With the temperatures dropping and bass in the fall transition, there are a couple things I look forward to this time of year. Great bass fishing, and “The List.” For those of you that don’t know what “List” I’m talking about, annually, outdoor writer George Kramer’s publishes his list of California’s Top 40 Bass Anglers. This year is extra exciting. It is the 20th anniversary of the list, and it’s the last. Tacticalbassin’s own Matt Allen not only made the list for the 6th consecutive time, but he is in the TOP 5! Matt landed in 5th place this year and is the highest ranked non-touring pro. Now that Matt is guiding ( I don’t get to fish with him as much, but I’ll be the first to say he truly deserves it. Every time we fish together, or film our next video for, I learn something. The great thing that sets Matt apart from the other “Pros” is his desire to teach. Putting many clients on their personal best bass and straight up crushing giants himself, 2014 has been an unforgettable year. With 72 Largemouth over 7lbs, and 26 Spotted bass over 7lbs to date (11/13/2014), THIS YEAR, nobody can argue his rank! Congratulations to all the anglers that made “The List.” You can see the entire list on Kramer's Blog.

Matt with a GIANT Spotted Bass

Ledge Fishing: Tricks to Catch More Fish

No matter where you are in the country, when the baitfish start moving to the rocks the bass fishermen will be close behind. Whether you target summer ledge fish in the Southeast, fall ledge fish in the West, or Winter bluff fish everywhere in between, a time of year will come when dialing in your approach to fishing vertical cover will come in handy.

I have the unique opportunity of fishing with anglers from around the globe and in doing so, I've noticed a pattern. The vast majority of anglers struggle to effectively target bass when they move from their shallow haunts in favor of more vertical cover.

Fishing vertical cover presents some unique challenges that are not often encountered with other styles of fishing. In no particular order those challenges include staying in the strike zone long enough to get bit, knowing if you're on bottom, feeling the bite, and missing the bite because you're out of position. These problems are even more severe if compounded with fishing at night.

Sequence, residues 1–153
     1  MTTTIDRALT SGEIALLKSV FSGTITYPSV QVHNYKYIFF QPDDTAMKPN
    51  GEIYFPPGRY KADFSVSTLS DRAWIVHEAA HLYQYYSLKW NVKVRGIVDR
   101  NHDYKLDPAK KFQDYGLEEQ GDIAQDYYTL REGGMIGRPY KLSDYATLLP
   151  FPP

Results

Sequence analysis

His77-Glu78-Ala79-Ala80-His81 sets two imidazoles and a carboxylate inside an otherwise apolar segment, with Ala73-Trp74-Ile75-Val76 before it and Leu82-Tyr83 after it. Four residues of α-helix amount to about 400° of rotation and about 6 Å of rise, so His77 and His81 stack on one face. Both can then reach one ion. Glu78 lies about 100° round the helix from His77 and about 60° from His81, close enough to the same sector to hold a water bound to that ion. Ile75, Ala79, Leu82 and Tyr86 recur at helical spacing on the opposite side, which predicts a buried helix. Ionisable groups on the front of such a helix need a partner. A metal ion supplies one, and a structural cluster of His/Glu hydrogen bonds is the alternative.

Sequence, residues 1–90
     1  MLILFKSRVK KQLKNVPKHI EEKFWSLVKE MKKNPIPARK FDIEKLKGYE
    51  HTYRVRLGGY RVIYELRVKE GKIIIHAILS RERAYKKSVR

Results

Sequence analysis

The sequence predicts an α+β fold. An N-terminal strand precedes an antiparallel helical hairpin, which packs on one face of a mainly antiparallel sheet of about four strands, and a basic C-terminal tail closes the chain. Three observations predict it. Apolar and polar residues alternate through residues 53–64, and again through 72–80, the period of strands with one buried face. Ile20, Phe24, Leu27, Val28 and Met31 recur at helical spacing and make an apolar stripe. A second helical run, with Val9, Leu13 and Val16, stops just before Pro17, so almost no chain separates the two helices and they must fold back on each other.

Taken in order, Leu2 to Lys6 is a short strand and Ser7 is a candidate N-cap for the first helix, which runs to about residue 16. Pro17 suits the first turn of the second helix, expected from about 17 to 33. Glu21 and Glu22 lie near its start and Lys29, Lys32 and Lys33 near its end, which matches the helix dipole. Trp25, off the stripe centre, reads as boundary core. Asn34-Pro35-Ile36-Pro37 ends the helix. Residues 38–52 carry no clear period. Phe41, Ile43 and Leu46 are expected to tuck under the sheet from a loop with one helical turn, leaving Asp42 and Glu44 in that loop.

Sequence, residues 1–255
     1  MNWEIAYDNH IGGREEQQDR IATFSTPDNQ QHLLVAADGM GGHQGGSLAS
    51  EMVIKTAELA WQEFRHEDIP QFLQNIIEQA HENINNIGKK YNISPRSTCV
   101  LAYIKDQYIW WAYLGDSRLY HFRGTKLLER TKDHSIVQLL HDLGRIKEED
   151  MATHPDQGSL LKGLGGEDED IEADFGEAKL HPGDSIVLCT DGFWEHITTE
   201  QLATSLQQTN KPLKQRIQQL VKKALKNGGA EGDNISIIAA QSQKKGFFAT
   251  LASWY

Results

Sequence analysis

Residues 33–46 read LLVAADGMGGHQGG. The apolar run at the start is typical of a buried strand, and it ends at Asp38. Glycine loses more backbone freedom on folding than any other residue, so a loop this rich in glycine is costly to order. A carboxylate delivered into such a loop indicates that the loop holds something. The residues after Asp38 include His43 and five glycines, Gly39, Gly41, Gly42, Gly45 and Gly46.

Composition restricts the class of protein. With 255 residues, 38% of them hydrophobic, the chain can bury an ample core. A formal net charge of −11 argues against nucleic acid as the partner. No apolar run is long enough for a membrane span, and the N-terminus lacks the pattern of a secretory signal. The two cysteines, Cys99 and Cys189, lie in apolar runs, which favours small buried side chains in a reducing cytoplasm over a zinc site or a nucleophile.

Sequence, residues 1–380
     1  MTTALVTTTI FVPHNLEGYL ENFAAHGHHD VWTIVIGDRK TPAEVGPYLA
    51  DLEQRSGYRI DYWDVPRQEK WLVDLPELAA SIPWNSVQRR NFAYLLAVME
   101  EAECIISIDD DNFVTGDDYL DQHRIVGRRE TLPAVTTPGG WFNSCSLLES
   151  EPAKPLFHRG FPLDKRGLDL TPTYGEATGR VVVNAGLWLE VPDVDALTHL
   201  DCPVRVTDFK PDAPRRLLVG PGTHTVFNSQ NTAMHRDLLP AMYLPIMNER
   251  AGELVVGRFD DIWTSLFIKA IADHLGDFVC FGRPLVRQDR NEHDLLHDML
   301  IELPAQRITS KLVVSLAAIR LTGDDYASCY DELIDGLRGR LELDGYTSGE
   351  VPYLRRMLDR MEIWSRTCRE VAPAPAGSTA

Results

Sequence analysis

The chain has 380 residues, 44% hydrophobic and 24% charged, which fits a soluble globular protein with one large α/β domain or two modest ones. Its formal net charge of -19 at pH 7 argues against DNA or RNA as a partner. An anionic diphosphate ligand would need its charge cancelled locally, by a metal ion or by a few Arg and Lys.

Almost all of these problems are caused by adjusting your baitcasting reel correctly. Yes, I said correctly. For every other application your adjustments are perfect but if you want to fish vertical cover, its time to make some incorrect adjustments that will make all the difference!

Through trial and error I've found a very simple way to eliminate all of the above mentioned problems at once. By backing off the spool tension knob (found next to the star drag) you can eliminate the resistance the reel has on the line. This allows the bait to fall vertically instead of drifting away from the cover like a pendulum. Additionally, the free-floating spool will spin freely enough that you can feel the line falling, stopping, or even getting bit, without having to look down.

I've found this technique to be most effective when fishing jigs, worms, and swimbaits. If using a smaller reel like a Core 50MG you can get away with weights as light as 3/8 oz without experiencing the pendulum effect. If you're going to use standard tackle (I prefer a Curado 200) its important that you step up to a 3/4 oz jig (this works great with swim jigs as well) or heavier in order to keep the presentation as vertical as possible.

Using these quick tips will make you a more effective ledge fishermen overnight. I've seen clients go from getting no bites at all, to catching fish after fish by just backing off the tension. Its a simple solution to a very complicated series of problems that plagues us all at one time or another.